Apres le deluge — Dieu?

There’s been a fair amount of talk lately about Brit Hume’s “come to Jesus” suggestion to Tiger:


I don’t have a whole lot to say about that, other than it goes a long way to explaining why Hume left the MSM.  Not only could he not say that when he worked for ABC, he’d probably be barred from even thinking it.  As is often the case with me, my thoughts headed in a completely opposite direction from the obvious.

I was actually thinking about the end of Rome, Georgian England and pre-WWI America.  All three of them were distinguished by out-of-control behaviors.  One responded by collapsing, as it was unable to defend itself against external forces.  The other two responded by clamping down, hard and fast on societal wrongs.  I wonder if we’re again at that tipping point in time.

I won’t belabor Rome.  It rose; it fell.  Part of its fall was its overextended borders.  Part of its fall was an internal moral collapse that rendered it incapable of defending itself against its external enemies.  That collapse didn’t happen quickly, taking, as it did, hundreds of years, but it still happened.

When we think of Georgian England, we think of elegant architecture, and the calm rationalism of the Enlightenment movement.  The writer I always think of, of course, is Jane Austen, with her cool sarcasm and unwavering morality.  We see it as a formal, intellectual, rational time — which it was, in one sector of society.

Georgian England was also a time of exceptional licentiousness.  It’s no wonder that Hogarth bloomed artistically in that era.  His etchings exposed the evils of drinking, as in Gin Lane:

He also examined prostitution, which was overwhelmingly prevalent in Georgian England.  The plate below, the 6th in a series entitled “A Harlot’s Progress,” shows a clergyman masturbating a woman at the harlot’s funeral, mourners drink from atop the coffin and try to steal from within it, and a prostitute pick-pockets a mourner:

And of course, most of us are familiar with Hogarth’s famous “Rake’s Progress,” showing debauchery in the high life. This is the last plate, with the Rake reduced to insanity, thanks to syphilis:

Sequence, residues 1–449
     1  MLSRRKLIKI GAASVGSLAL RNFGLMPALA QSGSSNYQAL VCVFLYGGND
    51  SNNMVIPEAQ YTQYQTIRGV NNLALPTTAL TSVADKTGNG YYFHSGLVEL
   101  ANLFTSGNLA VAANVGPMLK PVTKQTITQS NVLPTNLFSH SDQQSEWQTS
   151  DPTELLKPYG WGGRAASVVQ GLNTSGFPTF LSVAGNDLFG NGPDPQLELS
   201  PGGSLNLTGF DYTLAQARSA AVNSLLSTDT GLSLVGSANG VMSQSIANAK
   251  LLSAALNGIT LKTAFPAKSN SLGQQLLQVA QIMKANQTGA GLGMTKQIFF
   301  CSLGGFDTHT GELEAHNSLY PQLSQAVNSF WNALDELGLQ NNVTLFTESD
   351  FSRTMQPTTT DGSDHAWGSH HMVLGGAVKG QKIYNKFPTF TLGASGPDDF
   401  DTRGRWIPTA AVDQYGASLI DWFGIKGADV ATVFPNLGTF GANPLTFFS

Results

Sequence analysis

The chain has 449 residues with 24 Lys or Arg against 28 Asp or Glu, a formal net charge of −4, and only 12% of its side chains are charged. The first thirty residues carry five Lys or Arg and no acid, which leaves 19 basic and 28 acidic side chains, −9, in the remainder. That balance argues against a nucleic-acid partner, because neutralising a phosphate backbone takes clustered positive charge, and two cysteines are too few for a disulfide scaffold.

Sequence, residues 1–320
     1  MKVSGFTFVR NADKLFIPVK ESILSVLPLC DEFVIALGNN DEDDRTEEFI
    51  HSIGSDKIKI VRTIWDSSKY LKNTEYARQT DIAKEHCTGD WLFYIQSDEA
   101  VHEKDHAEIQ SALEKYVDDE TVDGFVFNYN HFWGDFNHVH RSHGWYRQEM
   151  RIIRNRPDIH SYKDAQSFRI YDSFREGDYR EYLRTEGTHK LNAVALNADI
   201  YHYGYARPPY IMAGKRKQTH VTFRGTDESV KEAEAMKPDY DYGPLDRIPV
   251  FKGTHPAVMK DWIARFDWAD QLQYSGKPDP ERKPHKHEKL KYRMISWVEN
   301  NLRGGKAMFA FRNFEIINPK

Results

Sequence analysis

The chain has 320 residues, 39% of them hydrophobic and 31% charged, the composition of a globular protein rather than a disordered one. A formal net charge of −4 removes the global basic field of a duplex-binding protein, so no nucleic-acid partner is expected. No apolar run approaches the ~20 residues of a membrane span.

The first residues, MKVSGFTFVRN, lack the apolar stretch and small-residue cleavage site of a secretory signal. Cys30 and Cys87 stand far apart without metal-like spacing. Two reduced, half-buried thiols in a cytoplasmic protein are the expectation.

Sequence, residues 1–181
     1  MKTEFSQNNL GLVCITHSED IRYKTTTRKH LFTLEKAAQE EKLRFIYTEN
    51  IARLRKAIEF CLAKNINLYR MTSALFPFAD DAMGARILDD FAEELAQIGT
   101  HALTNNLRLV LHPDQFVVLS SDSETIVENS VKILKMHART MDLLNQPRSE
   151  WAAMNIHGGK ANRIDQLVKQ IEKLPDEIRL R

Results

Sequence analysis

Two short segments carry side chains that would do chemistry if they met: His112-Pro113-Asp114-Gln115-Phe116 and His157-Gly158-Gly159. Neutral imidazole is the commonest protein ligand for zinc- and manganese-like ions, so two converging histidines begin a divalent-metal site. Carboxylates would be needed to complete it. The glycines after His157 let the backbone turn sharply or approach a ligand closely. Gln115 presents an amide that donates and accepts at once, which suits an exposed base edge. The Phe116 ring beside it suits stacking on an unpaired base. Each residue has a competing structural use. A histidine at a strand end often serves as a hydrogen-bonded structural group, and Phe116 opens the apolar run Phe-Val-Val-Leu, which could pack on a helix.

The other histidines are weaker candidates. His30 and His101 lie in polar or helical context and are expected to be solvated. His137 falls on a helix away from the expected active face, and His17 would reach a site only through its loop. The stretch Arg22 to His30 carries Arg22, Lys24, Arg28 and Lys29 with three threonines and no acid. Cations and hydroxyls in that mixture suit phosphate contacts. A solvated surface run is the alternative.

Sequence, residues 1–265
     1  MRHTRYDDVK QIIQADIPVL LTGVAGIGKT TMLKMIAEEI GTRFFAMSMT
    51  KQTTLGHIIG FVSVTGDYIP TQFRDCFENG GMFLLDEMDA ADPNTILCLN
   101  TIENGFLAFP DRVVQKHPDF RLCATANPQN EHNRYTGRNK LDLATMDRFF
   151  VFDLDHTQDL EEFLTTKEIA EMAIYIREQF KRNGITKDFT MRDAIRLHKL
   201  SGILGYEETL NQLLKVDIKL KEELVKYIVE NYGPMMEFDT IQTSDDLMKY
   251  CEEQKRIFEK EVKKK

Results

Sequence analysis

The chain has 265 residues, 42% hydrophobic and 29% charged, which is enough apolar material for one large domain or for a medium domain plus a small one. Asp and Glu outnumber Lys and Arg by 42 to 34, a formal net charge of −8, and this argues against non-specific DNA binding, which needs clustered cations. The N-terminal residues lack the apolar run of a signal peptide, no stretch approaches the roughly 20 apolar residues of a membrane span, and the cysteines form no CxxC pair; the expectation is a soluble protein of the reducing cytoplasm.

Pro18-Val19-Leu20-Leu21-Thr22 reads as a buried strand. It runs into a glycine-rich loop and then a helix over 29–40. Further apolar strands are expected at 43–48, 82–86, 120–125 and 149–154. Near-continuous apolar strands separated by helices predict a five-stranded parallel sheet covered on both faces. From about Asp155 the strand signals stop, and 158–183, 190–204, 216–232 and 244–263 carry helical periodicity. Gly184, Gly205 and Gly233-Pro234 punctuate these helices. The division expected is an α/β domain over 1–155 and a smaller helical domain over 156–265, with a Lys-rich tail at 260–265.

By the way, modern England faces very similar cultural scourges today.  Here’s a New Year’s picture of a modern-day rake’s progress — a British girl so drunk, she’s passed out in the snow:

new2_958077aThat’s just one of thousands of pictures of debauchery that routinely find their way into the British tabloids, all of which bemoan the alcohol soaked culture that is modern Britain.  Most of these pictures are ignored outside of the tabloids, although there was a suitable furor when a drunken University student urinated on a war memorial.  Apparently, there are still some lines one cannot cross:

article-1220579-06D574A7000005DC-942_468x664America is having her own debauchery festival.  Performers simulate sex on stage (and in the audience); cities turn whole streets over to orgiastic behavior; and middle and high schools host x-rated “instructional” meetings for “victim” groups and promulgate pornographic reading lists — and that’s just the short list of cultural horrors.

The question is, where do we go from here?  And that’s where I think things get interesting.  The Romans fell apart (albeit in slow motion).  The Georgians responded with Evangelicalism.  Victorian propriety didn’t spring out of nowhere.  It was a very direct, and religiously based, response to the debaucheries of the Georgian period.  While Jane Austen demonstrates that the Georgian era always had a core of middle class moralists, it took the Victorians to elevate that morality to a national doctrine.